Skinner's Rules by Quintin Jardine
|Skinner's Rules by Quintin Jardine|
|Reviewer: Sue Magee|
|Summary: The first in the long-running Bon Skinner series is a good opener: not perfect but a good story.|
|Buy? Yes||Borrow? Yes|
|Pages: 12h 32m||Date: June 2009|
|External links: Author's website|
Detective Chief Superintendent Bob Skinner is called out to a particularly brutal murder in an alleyway just off Edinburgh's Royal Mile. The victim was a lawyer and he's been savagely mutilated. There's nothing in the cases he's fought which suggests an angry client, but plenty to suggest that the killer knew what he was doing: there are simply no clues as to who he is. This death is followed by other seemingly random killings, including a young policeman and it looks as though there's a serial killer on the loose. Then the lawyer's fiancee dies: the official verdict is that it's suicide, but Skinner is convinced that it's another murder - and he knows that there's been nothing random about the killings.
By a third of the way through the book we have someone firmly in the picture for the murder and the case apparently closed. If the book had finished at this point you'd have been well-pleased by a darned good story, but Skinner's brain is tricked into life by a chance remark from girl friend Dr Sarah Grace and he realises that there's more - a lot more - to the case and that they've all been fooled. What follows is part police procedural and part thriller as Skinner works his way through the political machinations of Scotland's elite.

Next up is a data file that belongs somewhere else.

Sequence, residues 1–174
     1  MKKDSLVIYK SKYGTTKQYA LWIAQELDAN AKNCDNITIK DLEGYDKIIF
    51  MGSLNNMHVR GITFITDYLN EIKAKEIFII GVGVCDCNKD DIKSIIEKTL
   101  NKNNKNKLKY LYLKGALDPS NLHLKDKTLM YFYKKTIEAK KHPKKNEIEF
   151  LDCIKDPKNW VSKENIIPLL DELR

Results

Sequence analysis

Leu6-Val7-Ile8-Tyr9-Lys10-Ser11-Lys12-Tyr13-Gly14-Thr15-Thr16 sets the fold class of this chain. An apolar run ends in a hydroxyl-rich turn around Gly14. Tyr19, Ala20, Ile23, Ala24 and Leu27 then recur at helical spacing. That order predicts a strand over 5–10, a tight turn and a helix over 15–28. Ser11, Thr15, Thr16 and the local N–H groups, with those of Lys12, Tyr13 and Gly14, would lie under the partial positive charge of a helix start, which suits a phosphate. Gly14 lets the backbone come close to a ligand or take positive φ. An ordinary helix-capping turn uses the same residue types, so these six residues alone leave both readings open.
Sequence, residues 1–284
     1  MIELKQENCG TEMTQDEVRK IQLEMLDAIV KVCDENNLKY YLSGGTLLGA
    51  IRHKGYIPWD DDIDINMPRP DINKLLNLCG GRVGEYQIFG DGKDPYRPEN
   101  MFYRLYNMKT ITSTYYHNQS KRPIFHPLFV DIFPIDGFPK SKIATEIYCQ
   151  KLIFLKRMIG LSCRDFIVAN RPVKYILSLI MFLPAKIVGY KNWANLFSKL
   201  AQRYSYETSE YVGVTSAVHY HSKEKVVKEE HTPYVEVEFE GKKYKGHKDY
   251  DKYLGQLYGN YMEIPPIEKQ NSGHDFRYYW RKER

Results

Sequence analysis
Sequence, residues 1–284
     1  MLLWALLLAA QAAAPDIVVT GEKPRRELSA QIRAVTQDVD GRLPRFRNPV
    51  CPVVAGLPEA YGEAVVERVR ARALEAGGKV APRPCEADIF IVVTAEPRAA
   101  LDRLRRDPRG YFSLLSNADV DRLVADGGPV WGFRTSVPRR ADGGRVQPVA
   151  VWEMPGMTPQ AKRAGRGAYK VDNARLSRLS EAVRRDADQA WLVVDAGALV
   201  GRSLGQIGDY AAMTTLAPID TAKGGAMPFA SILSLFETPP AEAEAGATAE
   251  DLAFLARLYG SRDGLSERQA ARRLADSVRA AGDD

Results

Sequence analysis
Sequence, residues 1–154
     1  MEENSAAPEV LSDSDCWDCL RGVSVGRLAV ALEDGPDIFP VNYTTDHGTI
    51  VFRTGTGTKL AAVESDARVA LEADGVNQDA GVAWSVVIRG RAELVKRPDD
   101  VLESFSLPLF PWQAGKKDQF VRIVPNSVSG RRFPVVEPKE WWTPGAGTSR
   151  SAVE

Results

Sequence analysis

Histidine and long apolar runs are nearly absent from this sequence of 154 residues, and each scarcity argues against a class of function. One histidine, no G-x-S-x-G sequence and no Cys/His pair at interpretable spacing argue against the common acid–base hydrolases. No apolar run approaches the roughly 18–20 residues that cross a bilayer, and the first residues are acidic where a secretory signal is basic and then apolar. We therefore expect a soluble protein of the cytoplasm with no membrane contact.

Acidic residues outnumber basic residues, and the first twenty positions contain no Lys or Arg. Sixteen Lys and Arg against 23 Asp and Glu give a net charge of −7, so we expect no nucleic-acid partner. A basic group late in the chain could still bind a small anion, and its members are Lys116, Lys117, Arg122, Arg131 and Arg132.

I'm in the unusual situation of having read the final books in the series - and deciding to go back to the beginning and fill in the gaps. I was prepared for disappointment - after all, I knew how a lot of Skinner's private life turned out, and this was the first in the series, a canter round the track before the horse got warmed up, so to speak. It didn't work out quite like that though. The plotting is proficient and better than say the first Inspector Rebus and the characterisation is good, although I did find the police team to be just a little too good. On the other hand, many of them will feature in later books and it was interesting to see the early days of the relationship. As a series opener, it's a good one.
Rather than reading the book, I bought an audio download, narrated by James Bryce. I'm always nervous of audio books where the cast is likely to be heavy on one particular type of character - in this case it's middle-aged Scotsmen - as few narrators have the skill to sufficiently differentiate the voices, but I'd listened to Private Investigations from the same series and also narrated by Bryce - I knew he was up to the job and he didn't disappoint.
If you're looking for another police procedural series which you can enjoy as an audio download, you might like to try Susan Hill's Simon Serrailler Novels.
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